The top three winners in each class received car wash coupons. Clean rally cars!

Click here for the complete rundown
Click here for Complete Results
Click here for Season Points Standings

Here Comes Spring!

It was a beautiful day for a drive in the country


April 17, 2021
By Monte and Victoria Saager

The April 17 Saturday Rally provided a beautiful scenic drive that started at Milwaukie Lowe’s and ended at the Cruise In Diner in Hillsboro. The route was about 90 miles, took just a bit over three hours, and included a mid-rally break at Bald Peak State Park. The route’s twisty windy roads challenged even the best rally teams to be on time at 17 checkpoints.

Thirty cars ran the rally. A few explored some alternate routes along the way. All arrived at the finish.  The route crossed over itself and even backtracked on short sections of road in a few places, so teams had an opportunity to see other rally cars going in the opposite directions. The rallymasters were amused, watching these encounters on the Rallymaster Map, imagining that ralliers were asking themselves, “Are we off course or are they off course?” Good reminder that everyone is running their own rally.

This was a lightly trapped, mostly tour-style rally, meaning it included no route following traps. All the route instructions included official mileage, so following the route was straight forward. But the rally did include a few easy challenges.

The rally included three notes which overlapped the numbered route instructions. While a note is active, you are looking for two things at the same time; you’re looking for the reference in the note while you’re also looking for the reference in the next numbered route instruction. Things can get kinda busy when a note is active.

The first note instructed you to PAUSE 15 seconds at "NUEGEBAUER". There was a sign for Neugebauer Road while the note was active, but since the sign and the note were not spelled the same, the note was not used there. In fact there were no correct opportunities to execute the note while it was active. (Always check the spelling of signs quoted in the route instructions.)

The second note instructed you to PAUSE 15 seconds at FERN HILL CEMETERY. There really is a Fern Hill Cemetery (complete with a sign identifying it as such) along the route while the note is active. Teams that did not see it (or forgot they were looking for it) earned a 15-point penalty.

The third note instructed you to PAUSE 15 seconds AFTER OAK KNOLL WINERY. You drive by the winery (correct sign and everything) while the note is active. However, the Road Rally Rules define AFTER as the first intersection beyond the referenced sign or landmark at which the instruction could be executed. So even though you saw the winery, you cannot pause until you get to the next intersection, which doesn't happen until after the last checkpoint. If you pause before the checkpoint, you earned a 15-second penalty.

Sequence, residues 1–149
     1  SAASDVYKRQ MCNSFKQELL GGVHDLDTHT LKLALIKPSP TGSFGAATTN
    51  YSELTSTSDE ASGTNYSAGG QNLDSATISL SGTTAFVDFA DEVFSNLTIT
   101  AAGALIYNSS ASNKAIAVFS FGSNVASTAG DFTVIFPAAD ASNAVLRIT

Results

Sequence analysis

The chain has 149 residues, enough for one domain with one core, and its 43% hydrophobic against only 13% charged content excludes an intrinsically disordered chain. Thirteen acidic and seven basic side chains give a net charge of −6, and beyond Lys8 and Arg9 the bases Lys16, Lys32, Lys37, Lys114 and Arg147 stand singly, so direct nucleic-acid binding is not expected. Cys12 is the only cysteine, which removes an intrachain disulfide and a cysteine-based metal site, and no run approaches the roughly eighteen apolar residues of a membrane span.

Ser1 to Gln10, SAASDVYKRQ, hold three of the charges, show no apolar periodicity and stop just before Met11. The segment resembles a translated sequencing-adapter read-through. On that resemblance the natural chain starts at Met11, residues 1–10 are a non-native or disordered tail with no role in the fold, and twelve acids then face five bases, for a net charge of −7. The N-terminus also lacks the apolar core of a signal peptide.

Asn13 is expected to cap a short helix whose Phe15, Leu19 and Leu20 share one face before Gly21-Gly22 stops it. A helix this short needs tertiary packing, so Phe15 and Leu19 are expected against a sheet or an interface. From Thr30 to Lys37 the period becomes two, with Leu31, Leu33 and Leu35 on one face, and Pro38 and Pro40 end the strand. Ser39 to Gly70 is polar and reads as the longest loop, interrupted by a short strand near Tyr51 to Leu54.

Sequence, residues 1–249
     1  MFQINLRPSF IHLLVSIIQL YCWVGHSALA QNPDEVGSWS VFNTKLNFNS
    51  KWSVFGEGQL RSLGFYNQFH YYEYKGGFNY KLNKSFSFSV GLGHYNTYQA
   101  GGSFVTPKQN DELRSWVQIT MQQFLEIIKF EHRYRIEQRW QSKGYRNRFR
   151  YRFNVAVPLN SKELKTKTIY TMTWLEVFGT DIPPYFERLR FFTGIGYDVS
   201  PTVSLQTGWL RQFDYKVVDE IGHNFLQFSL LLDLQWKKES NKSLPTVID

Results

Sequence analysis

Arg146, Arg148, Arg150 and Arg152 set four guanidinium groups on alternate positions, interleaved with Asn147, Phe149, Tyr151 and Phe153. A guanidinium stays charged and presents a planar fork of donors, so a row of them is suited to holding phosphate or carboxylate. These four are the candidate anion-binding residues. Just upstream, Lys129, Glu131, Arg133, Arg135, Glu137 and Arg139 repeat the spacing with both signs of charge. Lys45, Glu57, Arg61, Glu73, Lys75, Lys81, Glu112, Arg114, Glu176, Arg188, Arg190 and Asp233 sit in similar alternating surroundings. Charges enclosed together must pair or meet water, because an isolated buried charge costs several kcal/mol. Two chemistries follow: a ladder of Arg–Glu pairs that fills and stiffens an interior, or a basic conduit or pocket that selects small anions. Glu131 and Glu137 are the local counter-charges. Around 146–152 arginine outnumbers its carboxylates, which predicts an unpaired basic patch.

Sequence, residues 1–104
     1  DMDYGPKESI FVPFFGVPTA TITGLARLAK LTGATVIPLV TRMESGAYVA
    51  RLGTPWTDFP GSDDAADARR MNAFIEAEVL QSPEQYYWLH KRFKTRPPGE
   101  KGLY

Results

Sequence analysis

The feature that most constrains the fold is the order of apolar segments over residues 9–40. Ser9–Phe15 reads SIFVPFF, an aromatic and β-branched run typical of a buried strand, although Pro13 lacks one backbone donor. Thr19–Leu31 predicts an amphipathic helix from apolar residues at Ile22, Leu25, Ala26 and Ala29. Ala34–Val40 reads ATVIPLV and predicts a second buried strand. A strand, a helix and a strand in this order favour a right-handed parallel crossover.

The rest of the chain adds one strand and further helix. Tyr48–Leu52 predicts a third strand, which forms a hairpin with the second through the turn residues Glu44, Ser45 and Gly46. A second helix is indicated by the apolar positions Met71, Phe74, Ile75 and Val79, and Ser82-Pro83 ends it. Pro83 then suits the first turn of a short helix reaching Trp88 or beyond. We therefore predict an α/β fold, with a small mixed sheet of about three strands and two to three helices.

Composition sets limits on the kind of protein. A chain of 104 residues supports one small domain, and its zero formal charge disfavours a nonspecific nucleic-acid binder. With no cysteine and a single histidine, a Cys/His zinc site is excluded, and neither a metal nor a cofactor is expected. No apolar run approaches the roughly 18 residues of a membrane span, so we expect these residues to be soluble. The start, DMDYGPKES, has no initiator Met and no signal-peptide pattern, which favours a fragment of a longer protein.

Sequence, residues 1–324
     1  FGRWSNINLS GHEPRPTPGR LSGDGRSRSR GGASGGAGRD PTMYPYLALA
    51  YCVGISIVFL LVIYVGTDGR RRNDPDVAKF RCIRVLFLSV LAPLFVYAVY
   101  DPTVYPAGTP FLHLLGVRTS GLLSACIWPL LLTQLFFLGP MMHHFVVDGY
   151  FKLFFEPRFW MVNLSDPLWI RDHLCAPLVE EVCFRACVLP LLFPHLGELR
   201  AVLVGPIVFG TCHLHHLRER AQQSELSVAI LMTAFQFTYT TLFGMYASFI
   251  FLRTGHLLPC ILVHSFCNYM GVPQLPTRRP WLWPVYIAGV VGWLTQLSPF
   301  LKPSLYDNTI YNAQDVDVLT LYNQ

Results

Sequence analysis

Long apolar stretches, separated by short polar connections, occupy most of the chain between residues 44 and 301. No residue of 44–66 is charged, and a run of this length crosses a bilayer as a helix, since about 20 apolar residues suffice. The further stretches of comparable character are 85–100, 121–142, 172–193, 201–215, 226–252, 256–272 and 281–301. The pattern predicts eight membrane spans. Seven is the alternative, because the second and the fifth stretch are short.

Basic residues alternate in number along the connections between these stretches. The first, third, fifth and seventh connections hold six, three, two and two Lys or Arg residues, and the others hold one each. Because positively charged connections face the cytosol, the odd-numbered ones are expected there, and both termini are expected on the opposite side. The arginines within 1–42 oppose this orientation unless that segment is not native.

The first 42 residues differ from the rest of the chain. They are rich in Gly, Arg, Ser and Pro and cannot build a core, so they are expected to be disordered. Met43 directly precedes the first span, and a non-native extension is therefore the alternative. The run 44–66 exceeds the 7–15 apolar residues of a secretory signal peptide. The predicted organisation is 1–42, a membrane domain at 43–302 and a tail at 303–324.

Q: The Rallymaster Notes state: Also, there are no unintentional spelling errors in the route instructions. What do we do if we find a mis-spelling? Ignore it? 

A: Maybe you haven't found the right sign yet. Keep looking. 

Q: Please review how and why to take a time allowance. 

A: Why take a time allowance? Use a time allowance to “make up” for being late to start a CZT or to “make up” time you lose during a leg for any reason (traffic, off course excursion, nature stop, etc.). It’s the “get out of jail free” card for road rally. If you can calculate how late you are or how much time you lost, you can use a time allowance to put yourself back “on time” as if you were never late. How to take a time allowance is explained in the Competitor Richta App Instructions.

What ralliers said: 

• We are having so much fun doing the rally each month. We are learning so much and it is fun learning new roads to travel. As a kid we did a lot of family drives for entertainment. I have truly enjoyed each rally.

• Thank you for planning and shepherding all of us on last Saturday’s rally. We enjoyed it immensely.

• We had a great time! Challenging roads, well placed traps. Thanks for all you do!

• It was great fun! Thank you Victoria and Monte for all the work you do so we can have fun.

• Fantastic roads with great speeds on some twisty bits had a lot of fun today!

• Nice event as usual Monte and Victoria, thank you for all the work you do to bring these together.  Great day for a drive and it was fun.

Congratulate the winners:

Congratulations to all 30 teams. You all completed the rally and found the finish. You are all winners.

Finishing first overall and first in the GPS class is the team of Bob Morseburg and Cheri Eddy. They zeroed four legs, got a score of 1 on eight legs, and finished the rally with a total score of 45. That’s an average of 2.6 seconds per leg over the 17-leg rally. This is rally driving precision we all aspire to. Congratulations, Bob and Cheri!